Author : Hope Irvin Marston
File Size : 54.39 MB
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Fron the parents' preparation of the burrow to the hatching of seven hungry babies that learn to hunt, fly, and survive in a sometimes dangerous world.

A Stratified Random Survey for Burrowing Owls on the Weyburn 62E and Regina 72I Map Areas

Author : Dale G. Hjertaas
File Size : 57.18 MB
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The Burrowing Owl has been designated as a threatened species by the Committee on the Status of Endangered Wildlife in Canada. Although Albertaand Saskatchewan are the heart of their range in Canada, field surveys todetermine population status were confined to the Saskatoon region. Thisreport provides a statistically valid estimate of size of the Burrowing Owlpopulation in southeastern Saskatchewan, estimates rates of occupancy ofsuitable habitats, and presents habitat preferences and other informationrelevant to their management. A mail questionnaire and instructions for thesurvey are also included.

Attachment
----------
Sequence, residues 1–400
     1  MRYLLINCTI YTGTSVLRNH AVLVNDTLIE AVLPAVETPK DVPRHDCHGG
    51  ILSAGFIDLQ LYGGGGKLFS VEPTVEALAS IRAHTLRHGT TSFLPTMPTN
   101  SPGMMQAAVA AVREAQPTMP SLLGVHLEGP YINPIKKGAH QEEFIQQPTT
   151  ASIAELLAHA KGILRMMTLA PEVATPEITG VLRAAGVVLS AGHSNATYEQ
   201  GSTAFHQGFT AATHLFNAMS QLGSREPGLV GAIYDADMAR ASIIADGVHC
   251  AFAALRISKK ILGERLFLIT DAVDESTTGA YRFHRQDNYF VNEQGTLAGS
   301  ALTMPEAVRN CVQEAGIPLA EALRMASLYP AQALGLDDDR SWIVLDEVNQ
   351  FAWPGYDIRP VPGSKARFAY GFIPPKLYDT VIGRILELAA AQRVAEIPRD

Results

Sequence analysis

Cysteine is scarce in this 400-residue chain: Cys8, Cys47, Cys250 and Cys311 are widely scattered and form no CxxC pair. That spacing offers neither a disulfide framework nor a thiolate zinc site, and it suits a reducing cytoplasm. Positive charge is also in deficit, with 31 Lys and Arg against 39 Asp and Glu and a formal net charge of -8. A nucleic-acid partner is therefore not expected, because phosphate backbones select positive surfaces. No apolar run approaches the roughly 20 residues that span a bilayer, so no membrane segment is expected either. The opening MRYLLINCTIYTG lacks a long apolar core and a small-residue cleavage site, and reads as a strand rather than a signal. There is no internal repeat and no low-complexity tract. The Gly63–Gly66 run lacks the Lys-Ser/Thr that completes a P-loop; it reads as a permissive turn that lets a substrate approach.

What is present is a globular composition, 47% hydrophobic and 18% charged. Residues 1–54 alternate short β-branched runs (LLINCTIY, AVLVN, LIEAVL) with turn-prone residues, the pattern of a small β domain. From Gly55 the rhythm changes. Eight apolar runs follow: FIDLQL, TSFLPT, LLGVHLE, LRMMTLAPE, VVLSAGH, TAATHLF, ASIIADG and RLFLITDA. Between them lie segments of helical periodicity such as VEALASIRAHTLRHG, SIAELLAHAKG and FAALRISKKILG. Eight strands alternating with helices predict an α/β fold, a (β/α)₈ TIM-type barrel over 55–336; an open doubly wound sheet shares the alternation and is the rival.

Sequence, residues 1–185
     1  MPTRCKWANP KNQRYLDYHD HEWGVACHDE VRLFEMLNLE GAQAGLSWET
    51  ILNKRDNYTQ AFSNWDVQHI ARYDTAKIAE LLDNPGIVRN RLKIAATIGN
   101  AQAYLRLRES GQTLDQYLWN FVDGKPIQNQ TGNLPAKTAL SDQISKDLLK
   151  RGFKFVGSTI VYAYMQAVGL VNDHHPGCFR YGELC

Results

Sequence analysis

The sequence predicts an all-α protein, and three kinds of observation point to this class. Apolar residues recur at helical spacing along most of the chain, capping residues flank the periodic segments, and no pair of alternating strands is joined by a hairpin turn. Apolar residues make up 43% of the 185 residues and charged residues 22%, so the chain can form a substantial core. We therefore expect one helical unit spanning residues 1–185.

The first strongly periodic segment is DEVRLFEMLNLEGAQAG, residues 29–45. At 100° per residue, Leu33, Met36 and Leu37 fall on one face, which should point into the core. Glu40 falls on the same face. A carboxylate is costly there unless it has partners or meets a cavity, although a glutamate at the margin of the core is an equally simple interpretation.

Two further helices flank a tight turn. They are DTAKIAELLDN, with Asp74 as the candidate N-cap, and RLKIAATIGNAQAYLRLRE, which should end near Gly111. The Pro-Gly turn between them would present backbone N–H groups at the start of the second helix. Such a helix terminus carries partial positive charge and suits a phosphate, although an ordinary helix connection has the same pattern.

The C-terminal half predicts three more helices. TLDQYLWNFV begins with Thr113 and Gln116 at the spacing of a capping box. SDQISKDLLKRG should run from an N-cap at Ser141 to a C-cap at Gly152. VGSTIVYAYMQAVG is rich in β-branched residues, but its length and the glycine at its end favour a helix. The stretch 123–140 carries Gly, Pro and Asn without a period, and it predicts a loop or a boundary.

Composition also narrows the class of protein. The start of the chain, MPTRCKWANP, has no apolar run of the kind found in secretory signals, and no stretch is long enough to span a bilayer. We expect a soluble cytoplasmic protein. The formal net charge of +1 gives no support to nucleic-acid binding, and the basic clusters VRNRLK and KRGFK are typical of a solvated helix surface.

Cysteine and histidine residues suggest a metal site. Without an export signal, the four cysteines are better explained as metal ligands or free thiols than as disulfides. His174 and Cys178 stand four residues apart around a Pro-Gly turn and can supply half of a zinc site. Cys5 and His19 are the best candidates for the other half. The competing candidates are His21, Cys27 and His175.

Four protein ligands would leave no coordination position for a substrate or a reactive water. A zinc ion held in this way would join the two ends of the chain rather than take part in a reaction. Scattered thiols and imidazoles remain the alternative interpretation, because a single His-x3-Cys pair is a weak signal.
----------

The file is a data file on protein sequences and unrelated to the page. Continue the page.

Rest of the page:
My Little Book of Burrowing Owls

Author : Hope Irvin Marston
File Size : 68.11 MB
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A painted turtle goes about its daily life, finding food and seeking to survive the winter.

Population Genetics of Migratory and Resident Burrowing Owls Athene Cunicularia Elucidated by Microsatellite DNA Markers

Author : Nicole M. Korfanta
File Size : 61.27 MB